An interface that works in greyscale too, helps you create a more universal interface

This doesn’t only translate to buttons, it also translates too every change in the interface. The important question here is, Can a user see a change on screen, without a change in colour? He should.

Accessibility with Text

iOS provides users with an ability to increase the text size on their phones. This is a functionality especially useful to those with distant vision. A functionality I believe, every app should have.

There’s also a speak functionality. Optional but highly useful. It not only helps the visually impaired. It’s extremely useful for having things read out. In fact I use this feature for nearly every article that I read online. It helps me read at a pace I’d otherwise not be able to and while it is being read I can focus on other work too. An extremely handy feature which is also a part of making your app more accessible.

Subtitles and Closed Captioning 


Subtitles are probably the most used accessibility feature and our highly recommended for every video

Heavily used for a variety of reasons, subtitles and closed captioning are a classic example of accessibility. There are times when people find it hard to catch the accent of a person in the video, there are others where a language unknown to audience is being spoken and most importantly, sometimes the user has a hearing problem. Subtitles and Closed Captioning help a long way here.

Following Platform Conventions 

Following platform conventions is a good design practice. It helps lower the learning curve for an app, significantly. A Lower learning curve also helps in making a more universal app. An app that’s usable by all, shouldn’t be difficult to navigate or take time to provide basic functionality. Following platform conventions is one of the most significant ways in which an app’s learning curve can be brought down.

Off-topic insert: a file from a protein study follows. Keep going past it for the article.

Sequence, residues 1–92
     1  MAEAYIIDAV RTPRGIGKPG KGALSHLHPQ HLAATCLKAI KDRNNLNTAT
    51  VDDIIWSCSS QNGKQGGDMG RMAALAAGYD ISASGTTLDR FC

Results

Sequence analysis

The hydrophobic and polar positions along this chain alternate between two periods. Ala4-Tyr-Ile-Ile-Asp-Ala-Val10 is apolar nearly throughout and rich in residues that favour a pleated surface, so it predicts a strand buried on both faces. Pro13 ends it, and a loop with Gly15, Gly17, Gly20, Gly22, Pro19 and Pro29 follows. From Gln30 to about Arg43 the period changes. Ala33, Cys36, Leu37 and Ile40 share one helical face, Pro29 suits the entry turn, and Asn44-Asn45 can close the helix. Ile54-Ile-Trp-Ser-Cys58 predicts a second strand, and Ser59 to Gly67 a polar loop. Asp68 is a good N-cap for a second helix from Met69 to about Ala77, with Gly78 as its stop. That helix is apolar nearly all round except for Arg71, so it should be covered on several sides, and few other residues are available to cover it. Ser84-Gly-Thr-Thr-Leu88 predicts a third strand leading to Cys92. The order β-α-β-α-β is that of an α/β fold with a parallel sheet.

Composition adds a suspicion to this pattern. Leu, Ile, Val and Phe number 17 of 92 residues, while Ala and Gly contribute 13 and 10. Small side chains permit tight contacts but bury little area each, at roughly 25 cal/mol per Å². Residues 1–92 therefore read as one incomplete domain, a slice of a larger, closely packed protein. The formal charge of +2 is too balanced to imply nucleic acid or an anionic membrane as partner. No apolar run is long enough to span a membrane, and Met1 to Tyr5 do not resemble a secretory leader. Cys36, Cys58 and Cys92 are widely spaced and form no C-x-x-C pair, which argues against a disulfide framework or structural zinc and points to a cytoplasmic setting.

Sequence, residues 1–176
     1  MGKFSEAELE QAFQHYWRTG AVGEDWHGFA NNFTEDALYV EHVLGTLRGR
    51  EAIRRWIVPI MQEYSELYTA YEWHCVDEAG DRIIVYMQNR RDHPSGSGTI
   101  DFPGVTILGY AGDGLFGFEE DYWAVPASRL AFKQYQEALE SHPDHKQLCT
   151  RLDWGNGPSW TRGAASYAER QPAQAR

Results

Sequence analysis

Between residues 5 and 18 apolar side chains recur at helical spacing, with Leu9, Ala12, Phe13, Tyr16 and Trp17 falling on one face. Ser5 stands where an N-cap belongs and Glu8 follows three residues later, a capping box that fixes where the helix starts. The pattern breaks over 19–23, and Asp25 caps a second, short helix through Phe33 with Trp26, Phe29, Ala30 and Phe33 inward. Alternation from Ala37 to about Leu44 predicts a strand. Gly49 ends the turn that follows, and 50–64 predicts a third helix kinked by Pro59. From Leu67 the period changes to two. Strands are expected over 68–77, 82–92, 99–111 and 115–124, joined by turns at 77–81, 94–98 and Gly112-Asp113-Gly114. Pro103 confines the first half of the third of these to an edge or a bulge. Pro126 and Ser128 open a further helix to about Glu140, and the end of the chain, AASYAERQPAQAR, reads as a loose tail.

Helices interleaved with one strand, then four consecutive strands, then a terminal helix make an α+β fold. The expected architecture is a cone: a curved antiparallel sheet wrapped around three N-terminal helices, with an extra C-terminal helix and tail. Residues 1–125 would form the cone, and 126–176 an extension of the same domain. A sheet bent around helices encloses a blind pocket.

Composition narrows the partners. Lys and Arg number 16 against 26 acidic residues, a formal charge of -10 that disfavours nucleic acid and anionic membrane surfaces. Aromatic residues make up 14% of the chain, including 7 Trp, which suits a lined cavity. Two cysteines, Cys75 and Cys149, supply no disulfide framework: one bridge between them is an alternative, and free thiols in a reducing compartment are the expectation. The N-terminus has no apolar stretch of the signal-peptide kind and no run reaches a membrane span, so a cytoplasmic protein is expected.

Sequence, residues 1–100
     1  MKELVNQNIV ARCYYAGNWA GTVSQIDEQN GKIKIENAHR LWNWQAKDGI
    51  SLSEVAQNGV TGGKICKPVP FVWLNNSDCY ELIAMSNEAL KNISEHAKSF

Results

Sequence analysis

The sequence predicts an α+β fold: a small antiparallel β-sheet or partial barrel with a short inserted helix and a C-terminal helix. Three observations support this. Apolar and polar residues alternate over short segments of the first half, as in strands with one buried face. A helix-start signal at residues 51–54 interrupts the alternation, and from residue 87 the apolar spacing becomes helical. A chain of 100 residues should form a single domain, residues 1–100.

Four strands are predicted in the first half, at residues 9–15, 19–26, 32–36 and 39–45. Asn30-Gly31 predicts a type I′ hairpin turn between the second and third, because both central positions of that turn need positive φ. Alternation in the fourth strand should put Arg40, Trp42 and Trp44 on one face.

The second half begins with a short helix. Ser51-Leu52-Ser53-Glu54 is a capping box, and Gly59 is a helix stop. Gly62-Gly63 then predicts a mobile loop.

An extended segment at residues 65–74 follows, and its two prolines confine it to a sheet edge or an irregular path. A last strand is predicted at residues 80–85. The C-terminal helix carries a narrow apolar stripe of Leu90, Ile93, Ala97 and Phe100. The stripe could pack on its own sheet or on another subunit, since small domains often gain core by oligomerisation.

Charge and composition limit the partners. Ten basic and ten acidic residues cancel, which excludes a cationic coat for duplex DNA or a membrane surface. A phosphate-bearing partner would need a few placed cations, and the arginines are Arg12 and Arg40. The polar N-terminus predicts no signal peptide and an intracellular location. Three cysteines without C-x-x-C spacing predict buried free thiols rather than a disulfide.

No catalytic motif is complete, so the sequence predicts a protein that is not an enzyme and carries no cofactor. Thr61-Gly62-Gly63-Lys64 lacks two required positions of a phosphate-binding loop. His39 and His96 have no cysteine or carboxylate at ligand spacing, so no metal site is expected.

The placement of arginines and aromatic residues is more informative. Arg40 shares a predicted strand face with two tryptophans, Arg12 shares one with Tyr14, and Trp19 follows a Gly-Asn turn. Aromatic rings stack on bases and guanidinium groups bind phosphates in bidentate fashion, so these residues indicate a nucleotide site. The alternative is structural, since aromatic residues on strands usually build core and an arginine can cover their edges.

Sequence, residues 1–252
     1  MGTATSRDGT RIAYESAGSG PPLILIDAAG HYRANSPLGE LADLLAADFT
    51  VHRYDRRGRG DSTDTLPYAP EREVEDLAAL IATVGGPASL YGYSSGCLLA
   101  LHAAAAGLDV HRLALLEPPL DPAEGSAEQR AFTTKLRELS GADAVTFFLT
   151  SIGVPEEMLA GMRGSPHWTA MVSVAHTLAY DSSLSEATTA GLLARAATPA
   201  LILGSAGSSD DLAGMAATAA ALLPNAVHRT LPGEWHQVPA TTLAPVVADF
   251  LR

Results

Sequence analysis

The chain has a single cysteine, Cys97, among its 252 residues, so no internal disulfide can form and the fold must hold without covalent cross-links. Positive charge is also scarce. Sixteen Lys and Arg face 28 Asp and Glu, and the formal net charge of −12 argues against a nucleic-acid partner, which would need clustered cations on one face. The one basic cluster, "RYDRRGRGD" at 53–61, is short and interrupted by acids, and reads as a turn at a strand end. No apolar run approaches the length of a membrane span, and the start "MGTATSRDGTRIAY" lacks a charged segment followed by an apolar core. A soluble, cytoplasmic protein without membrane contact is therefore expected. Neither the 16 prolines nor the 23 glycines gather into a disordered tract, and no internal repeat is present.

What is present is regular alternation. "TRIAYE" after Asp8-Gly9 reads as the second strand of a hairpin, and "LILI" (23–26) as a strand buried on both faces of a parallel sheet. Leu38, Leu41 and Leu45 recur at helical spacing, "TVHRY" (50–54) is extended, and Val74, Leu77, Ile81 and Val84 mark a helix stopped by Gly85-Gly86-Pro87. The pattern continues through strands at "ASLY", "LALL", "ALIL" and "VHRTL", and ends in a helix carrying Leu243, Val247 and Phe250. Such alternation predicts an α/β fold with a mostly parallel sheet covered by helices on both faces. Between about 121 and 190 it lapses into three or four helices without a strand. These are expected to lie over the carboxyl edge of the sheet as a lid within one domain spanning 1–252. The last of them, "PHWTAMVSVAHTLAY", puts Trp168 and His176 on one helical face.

Users get used to a lot of interactions while using the default app. For example the swipe gesture which takes you back to the previous screen or the icon that pulls up a share sheet. Each platform has its own conventions, navigation on an iOS device is different from navigation on an Android device. Different operating systems have different design languages and hence their icons are different. A share icon looks different on iOS and Android and so does their respective share sheets.


So, when a user opens a third party app he is already expecting the interactions and icons from the operating system is using. But if an app decides to use its own platform’s conventions it takes time for the user to adjust in the new app. The app is no longer as easy to use as it would have been if it followed the interactions and icons from the platform it is running on.

Not following platform conventions creates a learning curve which might be hard to overcome for different people with different abilities. It is a bad design choice that hampers not only the user experience but the accessibility of the app.

A good user experience without designing for accessibility is a myth. At this point if you are not designing your app to be accessible to people with different abilities, you are missing out. It’s not only about the social responsibility of making your app work for the differently able, it’s about reaching a wider audience and enhancing the quality of your app.